Wednesday, March 21, 2012

The Weekly Reader

I’m a reader and a writer. Or at least that’s how I viewed myself as a teenager. Despite going to school all day, staying on top of homework and studying, then throwing in my long list of after school activities (drama, the honor society, dance classes, volunteer work, etc) I still read like a fiend. Books after books, I was that kid getting in trouble because I was found reading by flashlight three hours after I was supposed to go to bed. I’d read multiple books at a time, all of them stacked on my nightstand and being toted from class to activity. Despite all of this I still managed to have the time to write story after story. It seemed like I was endlessly busy but blissfully happy. See, I like to read. I love it. But once I graduated High School and went to college my intake of books came to a faltering stop.

I was in a new city, I had a very active social life, and I had so much reading to do for my English courses that I didn’t have much time to pleasure read and my time to write had dwindled into nothing. After four years of school I struggled to figure out how to get into the habit of reading again. With work and other things in life I felt like reading, at times, had become a chore.

But it was simple: I had to make reading a daily part of my life. And it’s worked, so long as I keep it in mind, and I’ve been reading more than I used to. If you’re struggling to keep reading here’s some suggestions of times you can work reading into your life and if you stick with it, it can become natural and you’ll find yourself reading more.

  • Make a ritual out of reading:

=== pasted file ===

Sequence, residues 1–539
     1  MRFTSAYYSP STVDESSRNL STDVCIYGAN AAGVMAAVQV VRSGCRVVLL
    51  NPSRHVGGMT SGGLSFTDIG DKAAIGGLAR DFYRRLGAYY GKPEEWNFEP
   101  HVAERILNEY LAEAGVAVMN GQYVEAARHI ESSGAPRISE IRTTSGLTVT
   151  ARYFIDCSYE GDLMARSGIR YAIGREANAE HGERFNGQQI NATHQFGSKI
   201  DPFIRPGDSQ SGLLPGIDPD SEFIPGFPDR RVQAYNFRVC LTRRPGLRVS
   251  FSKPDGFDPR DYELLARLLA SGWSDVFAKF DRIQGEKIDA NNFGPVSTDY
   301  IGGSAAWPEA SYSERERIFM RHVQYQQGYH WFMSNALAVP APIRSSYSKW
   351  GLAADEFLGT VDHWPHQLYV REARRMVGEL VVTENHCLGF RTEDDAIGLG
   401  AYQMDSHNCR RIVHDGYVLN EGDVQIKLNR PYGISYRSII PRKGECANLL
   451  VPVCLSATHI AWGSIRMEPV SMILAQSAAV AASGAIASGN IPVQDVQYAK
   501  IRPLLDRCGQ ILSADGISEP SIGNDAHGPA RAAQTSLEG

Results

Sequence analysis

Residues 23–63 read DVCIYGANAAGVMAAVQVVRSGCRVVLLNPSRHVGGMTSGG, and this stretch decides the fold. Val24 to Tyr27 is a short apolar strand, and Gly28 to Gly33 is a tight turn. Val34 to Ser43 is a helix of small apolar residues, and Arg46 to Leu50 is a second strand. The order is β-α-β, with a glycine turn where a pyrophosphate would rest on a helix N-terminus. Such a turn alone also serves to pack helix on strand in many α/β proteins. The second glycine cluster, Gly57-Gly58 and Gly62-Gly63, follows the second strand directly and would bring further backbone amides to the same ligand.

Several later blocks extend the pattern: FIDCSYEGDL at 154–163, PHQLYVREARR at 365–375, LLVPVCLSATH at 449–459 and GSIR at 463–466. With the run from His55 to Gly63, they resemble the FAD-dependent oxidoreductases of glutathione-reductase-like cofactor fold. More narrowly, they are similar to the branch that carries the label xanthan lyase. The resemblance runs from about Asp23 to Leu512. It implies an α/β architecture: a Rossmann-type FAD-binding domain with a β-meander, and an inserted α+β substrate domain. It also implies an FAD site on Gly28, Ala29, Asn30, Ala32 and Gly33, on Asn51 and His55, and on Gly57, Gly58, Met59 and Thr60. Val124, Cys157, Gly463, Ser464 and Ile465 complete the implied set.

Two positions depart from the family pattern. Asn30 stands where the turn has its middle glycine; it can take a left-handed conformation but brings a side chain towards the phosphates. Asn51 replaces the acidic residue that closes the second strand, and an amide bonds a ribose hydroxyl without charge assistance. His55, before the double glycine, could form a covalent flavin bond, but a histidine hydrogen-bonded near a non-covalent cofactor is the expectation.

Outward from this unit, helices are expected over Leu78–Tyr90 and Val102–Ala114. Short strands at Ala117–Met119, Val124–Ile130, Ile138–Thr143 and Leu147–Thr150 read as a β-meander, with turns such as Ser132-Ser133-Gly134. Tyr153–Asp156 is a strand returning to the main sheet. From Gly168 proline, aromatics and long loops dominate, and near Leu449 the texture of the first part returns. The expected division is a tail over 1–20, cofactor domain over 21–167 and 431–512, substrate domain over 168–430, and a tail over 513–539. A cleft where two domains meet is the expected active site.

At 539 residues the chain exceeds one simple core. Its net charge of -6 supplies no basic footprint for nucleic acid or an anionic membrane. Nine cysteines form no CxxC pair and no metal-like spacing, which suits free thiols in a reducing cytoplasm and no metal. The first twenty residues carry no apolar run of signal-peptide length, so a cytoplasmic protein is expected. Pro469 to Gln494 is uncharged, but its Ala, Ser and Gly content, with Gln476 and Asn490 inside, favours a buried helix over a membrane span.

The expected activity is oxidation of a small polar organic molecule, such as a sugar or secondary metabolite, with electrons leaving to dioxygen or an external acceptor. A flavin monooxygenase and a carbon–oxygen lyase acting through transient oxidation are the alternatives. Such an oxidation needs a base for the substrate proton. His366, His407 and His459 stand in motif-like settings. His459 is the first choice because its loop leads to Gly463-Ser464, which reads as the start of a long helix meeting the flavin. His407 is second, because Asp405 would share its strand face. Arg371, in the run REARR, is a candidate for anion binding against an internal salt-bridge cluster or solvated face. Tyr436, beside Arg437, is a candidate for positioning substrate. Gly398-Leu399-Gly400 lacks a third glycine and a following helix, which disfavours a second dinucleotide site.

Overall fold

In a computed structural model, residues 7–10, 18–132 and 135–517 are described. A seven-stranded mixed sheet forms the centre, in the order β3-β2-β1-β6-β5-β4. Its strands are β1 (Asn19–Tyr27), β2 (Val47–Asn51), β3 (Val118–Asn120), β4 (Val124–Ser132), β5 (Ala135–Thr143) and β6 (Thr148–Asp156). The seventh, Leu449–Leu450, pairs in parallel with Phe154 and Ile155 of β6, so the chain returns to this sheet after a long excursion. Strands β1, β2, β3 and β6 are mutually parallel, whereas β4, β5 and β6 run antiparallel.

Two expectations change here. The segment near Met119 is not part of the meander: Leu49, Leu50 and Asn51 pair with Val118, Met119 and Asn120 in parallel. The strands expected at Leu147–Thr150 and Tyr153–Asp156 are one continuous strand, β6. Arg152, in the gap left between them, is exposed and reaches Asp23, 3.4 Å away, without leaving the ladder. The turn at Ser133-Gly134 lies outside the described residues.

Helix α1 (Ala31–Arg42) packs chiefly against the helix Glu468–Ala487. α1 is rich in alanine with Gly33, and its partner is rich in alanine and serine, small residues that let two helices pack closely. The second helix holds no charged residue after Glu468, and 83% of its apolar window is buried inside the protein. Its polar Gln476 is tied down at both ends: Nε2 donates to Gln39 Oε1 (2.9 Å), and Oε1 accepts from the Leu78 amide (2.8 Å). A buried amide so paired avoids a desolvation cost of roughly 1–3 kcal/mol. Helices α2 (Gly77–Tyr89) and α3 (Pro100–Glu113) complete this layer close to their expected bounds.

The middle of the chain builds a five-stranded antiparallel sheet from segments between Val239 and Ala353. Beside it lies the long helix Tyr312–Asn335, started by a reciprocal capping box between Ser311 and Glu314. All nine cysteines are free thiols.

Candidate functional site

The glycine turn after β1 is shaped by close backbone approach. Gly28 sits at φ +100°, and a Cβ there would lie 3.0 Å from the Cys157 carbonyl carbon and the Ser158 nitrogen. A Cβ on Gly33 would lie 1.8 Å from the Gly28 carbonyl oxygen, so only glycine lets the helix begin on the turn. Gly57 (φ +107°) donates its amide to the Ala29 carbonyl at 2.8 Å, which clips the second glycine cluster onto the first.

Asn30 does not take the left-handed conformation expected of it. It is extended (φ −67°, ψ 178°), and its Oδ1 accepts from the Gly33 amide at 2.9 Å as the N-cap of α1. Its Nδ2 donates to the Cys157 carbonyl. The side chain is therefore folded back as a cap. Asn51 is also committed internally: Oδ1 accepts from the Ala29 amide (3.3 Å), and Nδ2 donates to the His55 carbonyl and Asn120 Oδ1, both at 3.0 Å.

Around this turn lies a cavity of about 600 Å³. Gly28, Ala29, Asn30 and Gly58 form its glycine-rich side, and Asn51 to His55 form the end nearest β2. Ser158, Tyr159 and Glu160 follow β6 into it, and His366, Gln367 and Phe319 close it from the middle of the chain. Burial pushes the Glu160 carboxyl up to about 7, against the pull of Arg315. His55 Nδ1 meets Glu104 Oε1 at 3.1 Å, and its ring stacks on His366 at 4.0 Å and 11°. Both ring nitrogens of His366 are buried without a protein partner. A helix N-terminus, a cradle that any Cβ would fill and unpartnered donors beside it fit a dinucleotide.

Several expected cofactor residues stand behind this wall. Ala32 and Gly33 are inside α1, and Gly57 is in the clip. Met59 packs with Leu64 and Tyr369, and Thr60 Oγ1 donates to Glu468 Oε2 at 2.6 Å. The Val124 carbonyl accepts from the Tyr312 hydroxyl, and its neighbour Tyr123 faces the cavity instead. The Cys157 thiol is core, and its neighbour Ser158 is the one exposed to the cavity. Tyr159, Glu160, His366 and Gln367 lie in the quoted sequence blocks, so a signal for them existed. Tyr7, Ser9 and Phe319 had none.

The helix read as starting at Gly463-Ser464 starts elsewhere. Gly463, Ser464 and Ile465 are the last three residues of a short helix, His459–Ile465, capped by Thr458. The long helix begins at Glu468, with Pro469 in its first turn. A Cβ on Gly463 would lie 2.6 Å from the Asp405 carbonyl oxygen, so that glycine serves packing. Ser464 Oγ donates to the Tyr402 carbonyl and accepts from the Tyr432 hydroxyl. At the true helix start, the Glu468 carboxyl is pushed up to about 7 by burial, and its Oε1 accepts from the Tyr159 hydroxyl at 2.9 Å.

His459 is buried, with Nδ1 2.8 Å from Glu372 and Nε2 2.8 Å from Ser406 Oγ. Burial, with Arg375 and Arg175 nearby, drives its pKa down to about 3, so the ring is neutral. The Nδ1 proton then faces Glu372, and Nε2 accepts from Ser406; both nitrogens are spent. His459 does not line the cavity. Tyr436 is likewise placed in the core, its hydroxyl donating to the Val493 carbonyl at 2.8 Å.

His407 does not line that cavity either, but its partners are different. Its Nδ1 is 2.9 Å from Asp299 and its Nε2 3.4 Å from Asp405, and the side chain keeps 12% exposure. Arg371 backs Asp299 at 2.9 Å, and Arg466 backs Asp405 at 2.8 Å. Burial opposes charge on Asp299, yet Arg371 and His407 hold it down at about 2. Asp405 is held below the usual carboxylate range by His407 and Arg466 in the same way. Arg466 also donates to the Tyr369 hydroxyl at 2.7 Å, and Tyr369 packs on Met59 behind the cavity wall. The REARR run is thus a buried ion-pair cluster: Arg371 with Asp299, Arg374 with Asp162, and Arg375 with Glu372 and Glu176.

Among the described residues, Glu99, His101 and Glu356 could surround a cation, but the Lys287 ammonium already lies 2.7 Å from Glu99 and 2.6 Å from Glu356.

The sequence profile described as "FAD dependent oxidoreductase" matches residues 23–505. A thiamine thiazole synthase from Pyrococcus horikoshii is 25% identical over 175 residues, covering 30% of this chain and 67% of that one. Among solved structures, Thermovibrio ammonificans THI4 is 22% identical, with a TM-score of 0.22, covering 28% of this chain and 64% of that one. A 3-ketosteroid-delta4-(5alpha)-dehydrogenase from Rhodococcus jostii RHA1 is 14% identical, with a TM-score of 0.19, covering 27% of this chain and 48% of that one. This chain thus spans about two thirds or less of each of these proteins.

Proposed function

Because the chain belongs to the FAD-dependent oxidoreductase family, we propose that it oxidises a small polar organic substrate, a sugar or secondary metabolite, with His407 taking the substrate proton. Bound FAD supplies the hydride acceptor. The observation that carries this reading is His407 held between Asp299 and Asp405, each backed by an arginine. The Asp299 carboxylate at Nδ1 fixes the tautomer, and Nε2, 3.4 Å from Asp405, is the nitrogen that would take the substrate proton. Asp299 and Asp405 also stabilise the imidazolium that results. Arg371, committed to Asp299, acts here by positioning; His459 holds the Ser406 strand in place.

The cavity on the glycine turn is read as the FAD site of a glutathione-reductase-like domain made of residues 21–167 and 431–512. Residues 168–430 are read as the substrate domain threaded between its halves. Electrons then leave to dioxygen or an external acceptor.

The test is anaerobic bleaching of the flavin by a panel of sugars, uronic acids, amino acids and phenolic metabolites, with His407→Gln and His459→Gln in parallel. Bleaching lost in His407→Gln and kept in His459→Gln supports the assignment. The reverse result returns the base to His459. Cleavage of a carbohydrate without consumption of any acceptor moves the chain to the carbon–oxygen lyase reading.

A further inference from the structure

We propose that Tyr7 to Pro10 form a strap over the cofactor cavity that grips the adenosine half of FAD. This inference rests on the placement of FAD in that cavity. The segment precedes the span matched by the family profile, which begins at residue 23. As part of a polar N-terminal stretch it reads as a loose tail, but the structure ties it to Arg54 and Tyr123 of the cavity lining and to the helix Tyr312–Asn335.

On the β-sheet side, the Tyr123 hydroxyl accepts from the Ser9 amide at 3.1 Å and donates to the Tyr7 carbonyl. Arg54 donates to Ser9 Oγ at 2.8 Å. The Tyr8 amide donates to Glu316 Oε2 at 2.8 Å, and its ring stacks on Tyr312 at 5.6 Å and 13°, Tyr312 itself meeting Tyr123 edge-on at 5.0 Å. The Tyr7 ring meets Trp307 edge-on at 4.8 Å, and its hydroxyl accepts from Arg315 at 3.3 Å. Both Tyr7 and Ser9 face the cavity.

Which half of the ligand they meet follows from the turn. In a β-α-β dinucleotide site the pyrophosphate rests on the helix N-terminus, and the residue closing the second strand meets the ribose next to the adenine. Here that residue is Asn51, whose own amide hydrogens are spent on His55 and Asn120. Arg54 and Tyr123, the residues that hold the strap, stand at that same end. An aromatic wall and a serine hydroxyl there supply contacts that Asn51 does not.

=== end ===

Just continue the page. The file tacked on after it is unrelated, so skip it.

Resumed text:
• Figure out what time of day is your best time for reading. Do you like reading over a cup of coffee and your breakfast? How about bedtime? Label a specific time of day to be your time of reading; no ifs, ands, or buts.
  • Reading during little breaks:
    • If you are in a waiting room, read a book! 
  • Reading during daily breaks:
    • Have a lunch break? Bring a book with you! If you enjoy reading and it brings you a sense of happiness it's a great way to calm down from the stresses of work and also escape your place of work for a moment or two.
  • Multitask:
    • If you have an e-reader this could be a little easier. If you're at the gym and walking on the treadmill or working on the elliptical you can always read a book. Having an ereader will make it somewhat hands free (just sitting it on the machine) but having a regular book works fine on bike machines!
    • You can also have your e-reader "read" your book for you. Set it to audio and it will read your book aloud while you clean the house. 
    • Order books on tape. That way you can have your book being read in a voice that isn't a computer voice while you drive to work or are on trips. 
  • Now I break this rule myself all the time but it will help you finish more books at a quicker pace: stick to one book at a time.
  • Carry your reading material with you. Whether it's an e-reader, a printed copy, or an audio book always have it with you. That way if you come across a chance to multitask, a break, or a solid chunk of time to get some heavy reading in you can do just that.
  • Choose books that you enjoy. Don't read something only because it's popular. If you're taking classes and have assigned books, chose something you want to read for pleasure to keep on the side. It's always easier to read when you're enjoying yourself. I always had an issue with assigned books. I didn't want to be forced into reading something that I didn't want to read and it always worked against me: I read slowly. 
Happy reading!

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